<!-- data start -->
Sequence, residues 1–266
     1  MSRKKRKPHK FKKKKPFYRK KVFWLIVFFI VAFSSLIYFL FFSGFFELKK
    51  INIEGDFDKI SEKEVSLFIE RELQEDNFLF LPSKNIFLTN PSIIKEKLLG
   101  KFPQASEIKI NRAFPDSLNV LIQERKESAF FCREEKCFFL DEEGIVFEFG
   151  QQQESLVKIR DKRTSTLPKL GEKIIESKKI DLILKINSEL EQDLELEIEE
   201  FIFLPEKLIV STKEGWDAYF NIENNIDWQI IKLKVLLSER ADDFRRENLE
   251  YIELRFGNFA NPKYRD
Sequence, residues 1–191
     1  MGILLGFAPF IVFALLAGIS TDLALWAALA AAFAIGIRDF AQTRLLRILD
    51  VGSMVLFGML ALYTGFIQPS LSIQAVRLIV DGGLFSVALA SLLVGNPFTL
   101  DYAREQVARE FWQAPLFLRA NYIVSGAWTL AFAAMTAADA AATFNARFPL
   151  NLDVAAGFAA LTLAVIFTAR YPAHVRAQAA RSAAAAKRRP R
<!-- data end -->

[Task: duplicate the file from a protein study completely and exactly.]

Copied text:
Sequence, residues 1–266
     1  MSRKKRKPHK FKKKKPFYRK KVFWLIVFFI VAFSSLIYFL FFSGFFELKK
    51  INIEGDFDKI SEKEVSLFIE RELQEDNFLF LPSKNIFLTN PSIIKEKLLG
   101  KFPQASEIKI NRAFPDSLNV LIQERKESAF FCREEKCFFL DEEGIVFEFG
   151  QQQESLVKIR DKRTSTLPKL GEKIIESKKI DLILKINSEL EQDLELEIEE
   201  FIFLPEKLIV STKEGWDAYF NIENNIDWQI IKLKVLLSER ADDFRRENLE
   251  YIELRFGNFA NPKYRD
Sequence, residues 1–191
     1  MGILLGFAPF IVFALLAGIS TDLALWAALA AAFAIGIRDF AQTRLLRILD
    51  VGSMVLFGML ALYTGFIQPS LSIQAVRLIV DGGLFSVALA SLLVGNPFTL
   101  DYAREQVARE FWQAPLFLRA NYIVSGAWTL AFAAMTAADA AATFNARFPL
   151  NLDVAAGFAA LTLAVIFTAR YPAHVRAQAA RSAAAAKRRP R